New Evidence Against Use of Fluoroquinolones in Aortic Disea
Patients with aortic dissection (AD) or aortic aneurysm (AA) should not be given fluoroquinolones unless no other treatment options are available, the authors of a new report conclude.

Recent population-based studies have revealed that the use of fluoroquinolones (FQs) is associated with an increased risk of aortic dissection (AD) and aneurysm (AA). However, no evidence is available on whether FQs increase adverse events in patients who had been diagnosed with AD or AA.

This study investigated whether the use of FQs increases the risk of aortic-related adverse events and death in this high-risk population.

A retrospective cohort study was conducted by using the Taiwan National Health Insurance Research Database. A total of 31,570 adult patients who survived after admission for AD or AA were identified. They divided each calendar year into 6 data units (2 months) for each patient and each year during follow-up. Covariates and exposure of interest (FQs) were reassessed every 2 months. They used another common antibiotic, amoxicillin, as a negative control exposure.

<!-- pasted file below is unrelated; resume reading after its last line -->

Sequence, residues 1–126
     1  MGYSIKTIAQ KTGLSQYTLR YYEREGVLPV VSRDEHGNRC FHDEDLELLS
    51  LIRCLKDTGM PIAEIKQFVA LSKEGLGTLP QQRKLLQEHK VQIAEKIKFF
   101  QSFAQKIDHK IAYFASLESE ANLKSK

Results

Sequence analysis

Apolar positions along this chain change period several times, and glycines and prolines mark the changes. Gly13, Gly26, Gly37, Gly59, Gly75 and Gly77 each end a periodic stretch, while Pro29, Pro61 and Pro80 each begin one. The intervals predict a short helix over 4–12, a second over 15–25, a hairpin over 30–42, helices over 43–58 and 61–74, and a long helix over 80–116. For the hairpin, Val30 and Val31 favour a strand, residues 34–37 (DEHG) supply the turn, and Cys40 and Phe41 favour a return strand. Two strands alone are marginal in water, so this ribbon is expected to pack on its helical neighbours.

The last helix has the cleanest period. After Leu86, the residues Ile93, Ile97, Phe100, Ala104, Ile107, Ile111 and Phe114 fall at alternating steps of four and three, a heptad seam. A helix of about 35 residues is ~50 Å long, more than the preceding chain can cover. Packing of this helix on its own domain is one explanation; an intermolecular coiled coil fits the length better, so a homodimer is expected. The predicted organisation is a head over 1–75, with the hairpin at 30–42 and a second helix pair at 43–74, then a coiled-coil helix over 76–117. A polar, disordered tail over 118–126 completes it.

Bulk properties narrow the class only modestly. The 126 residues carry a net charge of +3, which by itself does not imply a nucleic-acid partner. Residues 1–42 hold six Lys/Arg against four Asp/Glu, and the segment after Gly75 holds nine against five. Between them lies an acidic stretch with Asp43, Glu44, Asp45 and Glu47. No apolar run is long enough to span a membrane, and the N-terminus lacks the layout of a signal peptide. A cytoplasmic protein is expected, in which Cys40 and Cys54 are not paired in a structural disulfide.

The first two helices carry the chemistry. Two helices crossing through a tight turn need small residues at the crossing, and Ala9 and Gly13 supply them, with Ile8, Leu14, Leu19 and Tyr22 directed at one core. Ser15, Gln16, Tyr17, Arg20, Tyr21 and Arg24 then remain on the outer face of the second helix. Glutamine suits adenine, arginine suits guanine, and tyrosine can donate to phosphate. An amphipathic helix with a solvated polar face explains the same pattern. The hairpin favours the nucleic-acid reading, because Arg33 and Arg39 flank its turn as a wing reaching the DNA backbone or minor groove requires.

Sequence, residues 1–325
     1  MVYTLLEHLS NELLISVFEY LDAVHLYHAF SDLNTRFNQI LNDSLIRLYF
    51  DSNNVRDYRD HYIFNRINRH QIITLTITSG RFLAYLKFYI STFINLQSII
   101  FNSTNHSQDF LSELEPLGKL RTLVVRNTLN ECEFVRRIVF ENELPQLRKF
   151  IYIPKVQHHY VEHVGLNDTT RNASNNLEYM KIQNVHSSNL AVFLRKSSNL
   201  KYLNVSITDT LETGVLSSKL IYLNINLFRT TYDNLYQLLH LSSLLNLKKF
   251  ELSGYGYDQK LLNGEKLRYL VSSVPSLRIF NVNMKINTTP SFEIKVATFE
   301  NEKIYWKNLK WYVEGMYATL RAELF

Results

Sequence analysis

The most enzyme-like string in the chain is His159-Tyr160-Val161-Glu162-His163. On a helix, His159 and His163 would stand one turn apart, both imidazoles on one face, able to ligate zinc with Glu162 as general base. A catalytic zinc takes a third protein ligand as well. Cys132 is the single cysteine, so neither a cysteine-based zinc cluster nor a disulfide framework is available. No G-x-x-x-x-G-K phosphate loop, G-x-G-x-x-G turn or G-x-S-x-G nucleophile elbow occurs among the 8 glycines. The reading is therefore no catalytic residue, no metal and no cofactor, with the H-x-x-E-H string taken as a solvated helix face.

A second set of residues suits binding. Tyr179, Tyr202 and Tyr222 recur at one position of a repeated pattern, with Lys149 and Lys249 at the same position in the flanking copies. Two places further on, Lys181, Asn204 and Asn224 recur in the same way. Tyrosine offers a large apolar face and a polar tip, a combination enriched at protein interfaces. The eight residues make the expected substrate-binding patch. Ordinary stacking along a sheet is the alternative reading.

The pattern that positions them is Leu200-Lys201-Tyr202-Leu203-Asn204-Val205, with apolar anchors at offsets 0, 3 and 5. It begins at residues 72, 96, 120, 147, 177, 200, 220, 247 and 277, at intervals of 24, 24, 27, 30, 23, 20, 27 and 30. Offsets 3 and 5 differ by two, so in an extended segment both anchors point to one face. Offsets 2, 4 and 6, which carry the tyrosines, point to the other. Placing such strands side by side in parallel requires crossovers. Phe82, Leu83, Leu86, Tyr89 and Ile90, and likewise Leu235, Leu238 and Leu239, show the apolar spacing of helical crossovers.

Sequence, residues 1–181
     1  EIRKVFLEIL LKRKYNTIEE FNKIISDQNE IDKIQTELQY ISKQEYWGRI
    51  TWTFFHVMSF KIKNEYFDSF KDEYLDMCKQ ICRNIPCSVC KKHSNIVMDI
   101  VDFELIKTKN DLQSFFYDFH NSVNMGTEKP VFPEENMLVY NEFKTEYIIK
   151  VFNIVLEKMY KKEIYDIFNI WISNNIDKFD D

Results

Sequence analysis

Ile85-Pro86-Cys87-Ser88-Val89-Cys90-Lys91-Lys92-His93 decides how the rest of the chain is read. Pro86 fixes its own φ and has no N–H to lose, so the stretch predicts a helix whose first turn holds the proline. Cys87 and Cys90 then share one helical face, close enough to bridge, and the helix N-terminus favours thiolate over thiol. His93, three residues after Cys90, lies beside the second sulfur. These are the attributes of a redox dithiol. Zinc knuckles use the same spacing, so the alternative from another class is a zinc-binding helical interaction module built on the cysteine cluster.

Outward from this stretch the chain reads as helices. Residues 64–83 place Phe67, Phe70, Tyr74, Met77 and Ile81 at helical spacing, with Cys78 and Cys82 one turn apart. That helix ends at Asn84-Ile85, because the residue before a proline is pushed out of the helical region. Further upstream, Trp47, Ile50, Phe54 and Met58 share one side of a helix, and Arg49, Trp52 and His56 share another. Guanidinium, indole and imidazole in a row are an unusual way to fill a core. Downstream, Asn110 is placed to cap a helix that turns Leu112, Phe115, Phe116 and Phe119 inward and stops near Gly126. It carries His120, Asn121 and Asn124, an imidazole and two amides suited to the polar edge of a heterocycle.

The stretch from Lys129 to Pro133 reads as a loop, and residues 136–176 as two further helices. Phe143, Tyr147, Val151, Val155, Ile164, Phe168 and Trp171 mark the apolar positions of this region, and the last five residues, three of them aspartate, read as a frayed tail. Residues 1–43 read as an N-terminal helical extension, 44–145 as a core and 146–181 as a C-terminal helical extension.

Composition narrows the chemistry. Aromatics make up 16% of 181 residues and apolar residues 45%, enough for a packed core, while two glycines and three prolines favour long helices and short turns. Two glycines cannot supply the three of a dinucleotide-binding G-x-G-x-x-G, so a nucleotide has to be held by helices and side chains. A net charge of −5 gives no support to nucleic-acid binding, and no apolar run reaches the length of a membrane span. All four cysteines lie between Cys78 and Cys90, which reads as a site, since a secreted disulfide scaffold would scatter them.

-- Exposure to FQs was associated with a higher risk of all-cause death, aortic death, and later aortic surgery.

-- However, amoxicillin exposure was not significantly associated with risk of any of the outcomes.

-- A subgroup analysis revealed that the effect of FQs was not significantly different between the AD and AA groups.

Conclusively, relative to amoxicillin use, FQ exposure in patients with AD or AA was associated with a higher risk of adverse outcomes. FQs should not be used by high-risk patients unless no other treatment options are available.